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Data from: Multivariate selection and intersexual genetic constraints in a wild bird population

Citation

Poissant, Jocelyn et al. (2016), Data from: Multivariate selection and intersexual genetic constraints in a wild bird population, Dryad, Dataset, https://doi.org/10.5061/dryad.qt745

Abstract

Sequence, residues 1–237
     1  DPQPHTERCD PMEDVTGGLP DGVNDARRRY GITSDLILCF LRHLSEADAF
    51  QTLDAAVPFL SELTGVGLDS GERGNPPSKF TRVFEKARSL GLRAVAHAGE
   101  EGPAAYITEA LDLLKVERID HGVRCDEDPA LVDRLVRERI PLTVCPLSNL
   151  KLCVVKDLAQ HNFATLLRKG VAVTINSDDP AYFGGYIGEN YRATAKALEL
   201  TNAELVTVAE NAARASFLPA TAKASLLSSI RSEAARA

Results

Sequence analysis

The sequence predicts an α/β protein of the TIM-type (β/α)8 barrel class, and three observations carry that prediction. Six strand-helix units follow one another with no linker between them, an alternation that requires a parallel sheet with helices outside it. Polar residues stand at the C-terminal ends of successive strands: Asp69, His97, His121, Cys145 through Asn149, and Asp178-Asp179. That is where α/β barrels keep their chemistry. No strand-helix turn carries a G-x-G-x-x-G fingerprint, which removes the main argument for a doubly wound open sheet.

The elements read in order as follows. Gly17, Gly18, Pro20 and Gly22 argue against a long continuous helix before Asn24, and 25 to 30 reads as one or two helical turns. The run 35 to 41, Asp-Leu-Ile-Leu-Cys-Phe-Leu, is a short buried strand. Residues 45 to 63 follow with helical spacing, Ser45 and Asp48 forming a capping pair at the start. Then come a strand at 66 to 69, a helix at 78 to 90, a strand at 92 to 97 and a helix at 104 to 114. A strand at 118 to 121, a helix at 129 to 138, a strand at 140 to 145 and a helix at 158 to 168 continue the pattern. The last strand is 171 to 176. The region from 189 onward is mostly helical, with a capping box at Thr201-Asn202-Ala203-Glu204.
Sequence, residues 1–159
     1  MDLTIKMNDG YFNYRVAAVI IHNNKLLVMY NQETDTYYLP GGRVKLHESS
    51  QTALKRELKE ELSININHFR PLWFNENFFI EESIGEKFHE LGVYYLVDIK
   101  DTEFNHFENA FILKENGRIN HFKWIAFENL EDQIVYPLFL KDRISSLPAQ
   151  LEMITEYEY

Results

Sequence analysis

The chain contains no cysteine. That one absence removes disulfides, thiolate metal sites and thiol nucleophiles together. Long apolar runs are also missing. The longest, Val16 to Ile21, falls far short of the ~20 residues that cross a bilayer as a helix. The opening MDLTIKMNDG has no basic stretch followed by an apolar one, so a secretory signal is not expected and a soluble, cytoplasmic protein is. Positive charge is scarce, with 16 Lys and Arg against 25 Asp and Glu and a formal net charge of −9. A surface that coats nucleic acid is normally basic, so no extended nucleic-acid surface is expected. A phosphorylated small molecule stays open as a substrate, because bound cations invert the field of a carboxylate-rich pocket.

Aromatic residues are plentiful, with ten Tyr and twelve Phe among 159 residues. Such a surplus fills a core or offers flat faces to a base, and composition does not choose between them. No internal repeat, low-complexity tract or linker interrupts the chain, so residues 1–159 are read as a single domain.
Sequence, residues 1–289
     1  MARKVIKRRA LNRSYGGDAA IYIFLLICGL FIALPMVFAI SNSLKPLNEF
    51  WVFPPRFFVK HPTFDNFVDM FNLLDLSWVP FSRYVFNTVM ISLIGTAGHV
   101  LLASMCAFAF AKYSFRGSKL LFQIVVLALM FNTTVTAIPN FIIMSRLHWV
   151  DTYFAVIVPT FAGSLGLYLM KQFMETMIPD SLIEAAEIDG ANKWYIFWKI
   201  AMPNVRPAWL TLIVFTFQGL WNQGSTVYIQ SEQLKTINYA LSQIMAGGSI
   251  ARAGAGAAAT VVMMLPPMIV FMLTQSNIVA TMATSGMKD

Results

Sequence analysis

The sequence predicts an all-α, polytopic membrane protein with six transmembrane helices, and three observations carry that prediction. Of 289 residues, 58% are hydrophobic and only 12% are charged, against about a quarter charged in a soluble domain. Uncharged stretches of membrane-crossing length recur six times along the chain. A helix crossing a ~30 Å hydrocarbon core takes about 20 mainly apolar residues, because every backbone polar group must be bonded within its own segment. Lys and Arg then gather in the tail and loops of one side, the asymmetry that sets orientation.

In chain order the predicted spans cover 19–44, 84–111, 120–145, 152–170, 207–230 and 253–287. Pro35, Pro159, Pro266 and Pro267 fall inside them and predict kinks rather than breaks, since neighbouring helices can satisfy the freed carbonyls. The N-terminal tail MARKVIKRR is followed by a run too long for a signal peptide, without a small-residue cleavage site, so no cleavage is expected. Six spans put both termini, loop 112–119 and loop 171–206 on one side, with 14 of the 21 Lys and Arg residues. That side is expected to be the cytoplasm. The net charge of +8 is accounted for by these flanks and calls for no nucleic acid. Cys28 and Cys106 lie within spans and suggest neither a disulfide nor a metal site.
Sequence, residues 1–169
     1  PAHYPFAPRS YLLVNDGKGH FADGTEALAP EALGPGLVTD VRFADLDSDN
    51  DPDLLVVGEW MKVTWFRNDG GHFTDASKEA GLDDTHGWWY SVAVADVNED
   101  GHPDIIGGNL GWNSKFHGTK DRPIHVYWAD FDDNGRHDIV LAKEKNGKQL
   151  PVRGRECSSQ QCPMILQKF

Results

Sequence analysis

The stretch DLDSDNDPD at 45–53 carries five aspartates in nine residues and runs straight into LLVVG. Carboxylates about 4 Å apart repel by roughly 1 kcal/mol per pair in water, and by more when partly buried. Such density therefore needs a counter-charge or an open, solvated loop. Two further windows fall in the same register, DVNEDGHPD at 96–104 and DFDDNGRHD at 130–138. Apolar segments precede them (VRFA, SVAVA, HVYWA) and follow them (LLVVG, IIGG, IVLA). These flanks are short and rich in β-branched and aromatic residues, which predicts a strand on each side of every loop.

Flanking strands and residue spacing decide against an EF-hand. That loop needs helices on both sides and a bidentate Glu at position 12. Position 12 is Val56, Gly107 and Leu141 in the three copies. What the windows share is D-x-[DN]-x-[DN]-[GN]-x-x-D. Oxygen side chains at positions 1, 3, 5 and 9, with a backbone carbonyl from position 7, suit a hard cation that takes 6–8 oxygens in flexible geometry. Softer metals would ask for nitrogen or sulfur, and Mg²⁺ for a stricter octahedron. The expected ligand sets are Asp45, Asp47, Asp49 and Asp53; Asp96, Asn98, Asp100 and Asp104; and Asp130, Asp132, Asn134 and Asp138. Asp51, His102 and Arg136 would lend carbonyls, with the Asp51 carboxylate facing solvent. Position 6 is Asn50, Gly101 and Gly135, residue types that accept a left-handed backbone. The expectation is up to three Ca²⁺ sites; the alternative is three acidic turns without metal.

When traits are genetically correlated between the sexes, the response to selection in one sex can be altered by indirect selection in the other sex, a type of genetic constraint commonly referred to as intralocus sexual conflict (ISC). While potentially common, ISC has rarely been studied in wild populations. In this study, we applied a multivariate framework to quantify the microevolutionary impacts of ISC over a set of morphological traits (wing length, tarsus length, bill depth, and bill length) in a wild population of great tits (Parus major) from Wytham Woods, UK. Specifically, we quantified the impact of cross-sex genetic covariances (the B matrix) on the additive genetic variance for relative fitness expected to be generated by directional selection and additive genetic (co)variance. Together, multivariate sex-specific selection and additive genetic (co)variance were expected to generate additive genetic variance for relative fitness that was uncorrelated between the sexes (cross-sex genetic correlation = -0.003, 95% CI = -0.83, 0.83). Gender load, defined as the expected reduction in additive genetic variance for relative fitness generated by the traits under study due to sex-specific effects, was estimated at 50% (95% CI = 13%, 86%). This study provides novel insights into the evolution of sexual dimorphism in great tits and illustrates how quantitative genetics and selection analyses can be combined in a multivariate framework to quantify the expected microevolutionary impacts of ISC.

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